[Bioperl-l] conservative amino acid change?

Aaron J Mackey Aaron J. Mackey" <amackey@virginia.edu
Tue, 7 Aug 2001 10:24:18 -0400 (EDT)

On Tue, 7 Aug 2001, Arlin Stoltzfus wrote:

> A matrix denoting pairwise similarity might take many forms, but PAM
> and BLOSUM are specifically log-odds matrices scaled so as to make
> them useful as match-scores in popular sequence alignment algorithms.
> Matrices with the same information but the wrong scale could not be
> used with these alignment programs, but they might be useful
> whenever one desires arbitrarily-scaled weights or penalties for
> similarity or difference.

Just to be clear, different scalings of a matrix will only minimally
affect the resolution of the alignment algorithm ... i.e. if PAM250 were
coded in 1/2 bit units, all the values would be nearly 0 due to rounding
error (it is true that (nearly) all alignment programs expect integer
scores).  On the other hand, a PAM10 scaled in 1/10th bit units will have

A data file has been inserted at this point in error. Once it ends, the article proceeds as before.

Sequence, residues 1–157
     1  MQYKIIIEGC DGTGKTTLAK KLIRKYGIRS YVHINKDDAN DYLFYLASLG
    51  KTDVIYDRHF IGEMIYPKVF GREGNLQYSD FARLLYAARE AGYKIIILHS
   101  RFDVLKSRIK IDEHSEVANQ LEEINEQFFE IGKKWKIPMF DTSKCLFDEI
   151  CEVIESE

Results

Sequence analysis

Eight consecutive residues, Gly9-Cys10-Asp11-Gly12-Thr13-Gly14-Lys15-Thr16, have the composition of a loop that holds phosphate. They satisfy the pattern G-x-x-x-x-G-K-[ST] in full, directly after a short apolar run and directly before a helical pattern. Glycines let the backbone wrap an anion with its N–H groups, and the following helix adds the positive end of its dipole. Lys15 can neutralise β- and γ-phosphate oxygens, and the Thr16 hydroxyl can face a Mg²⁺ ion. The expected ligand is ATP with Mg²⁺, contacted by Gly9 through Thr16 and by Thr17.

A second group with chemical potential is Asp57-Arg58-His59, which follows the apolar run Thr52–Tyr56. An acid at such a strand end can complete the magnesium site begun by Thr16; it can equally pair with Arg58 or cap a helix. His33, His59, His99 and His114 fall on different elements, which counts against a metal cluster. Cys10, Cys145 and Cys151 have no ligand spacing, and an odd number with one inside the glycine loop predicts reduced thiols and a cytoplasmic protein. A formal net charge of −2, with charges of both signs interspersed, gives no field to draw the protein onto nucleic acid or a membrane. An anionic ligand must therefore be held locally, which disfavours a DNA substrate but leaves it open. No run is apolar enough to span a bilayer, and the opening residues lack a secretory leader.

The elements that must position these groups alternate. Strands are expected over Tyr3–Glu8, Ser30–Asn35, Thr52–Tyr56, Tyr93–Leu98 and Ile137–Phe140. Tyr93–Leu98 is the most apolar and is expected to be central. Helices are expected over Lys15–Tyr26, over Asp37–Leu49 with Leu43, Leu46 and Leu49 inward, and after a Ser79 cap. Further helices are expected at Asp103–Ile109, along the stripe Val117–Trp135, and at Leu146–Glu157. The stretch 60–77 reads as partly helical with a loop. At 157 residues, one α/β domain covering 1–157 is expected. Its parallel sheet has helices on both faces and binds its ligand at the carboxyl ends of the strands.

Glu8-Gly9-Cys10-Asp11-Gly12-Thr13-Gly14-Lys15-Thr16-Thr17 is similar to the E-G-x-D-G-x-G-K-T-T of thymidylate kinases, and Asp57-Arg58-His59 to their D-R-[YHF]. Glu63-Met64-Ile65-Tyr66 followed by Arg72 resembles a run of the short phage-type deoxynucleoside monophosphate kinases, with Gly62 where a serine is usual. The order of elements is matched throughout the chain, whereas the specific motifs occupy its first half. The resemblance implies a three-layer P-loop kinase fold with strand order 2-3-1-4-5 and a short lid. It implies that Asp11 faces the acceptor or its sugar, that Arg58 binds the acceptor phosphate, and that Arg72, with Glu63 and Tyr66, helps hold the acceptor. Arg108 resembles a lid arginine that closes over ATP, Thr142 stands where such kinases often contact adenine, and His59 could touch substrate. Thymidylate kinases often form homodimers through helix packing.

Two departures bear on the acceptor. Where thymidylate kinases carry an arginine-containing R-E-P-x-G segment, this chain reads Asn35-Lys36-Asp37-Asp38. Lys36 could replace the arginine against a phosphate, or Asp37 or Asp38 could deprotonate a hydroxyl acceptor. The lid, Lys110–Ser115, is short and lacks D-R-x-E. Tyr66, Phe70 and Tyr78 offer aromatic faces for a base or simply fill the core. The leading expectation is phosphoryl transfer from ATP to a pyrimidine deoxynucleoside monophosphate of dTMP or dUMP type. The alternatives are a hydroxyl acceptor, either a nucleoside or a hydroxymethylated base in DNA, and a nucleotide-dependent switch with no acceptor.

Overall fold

a much larger range of values but will perform nearly identically as a
PAM10 scaled in 1/2 bit units (since very little rounding error is
introduced at 1/2 bit scale for PAM10).

> The only thing one would need to know is whether the value is higher
> for similar amino acids (thus a similarity matrix) or lower (thus
> a difference or distance matrix).

I think we're going to build Matrix::Similarity objects to be the first
and not the second.  We could certainly build Matrix::Distance objects
that were funny clones of Matrix::Similarity that did the context switch
on the fly.

> But converting a given matrix
> into a form that is optimized for use as alignment match-scores
> is apparently something of a black art.

No it's not, see above.  Changing the scale doesn't affect the information
content of the matrix.  You would, of course, need to scale your gap
penalty function in a corresponding manner, but matrix scale is itself not
a difficult issue.  It's often convenient to have all of your matrices
scaled similarly (for instance, I've run experiments where I used PAM
matrices from 10 to 500, all in 1/20th bit units so that I could compare
raw scores between matrix usages).


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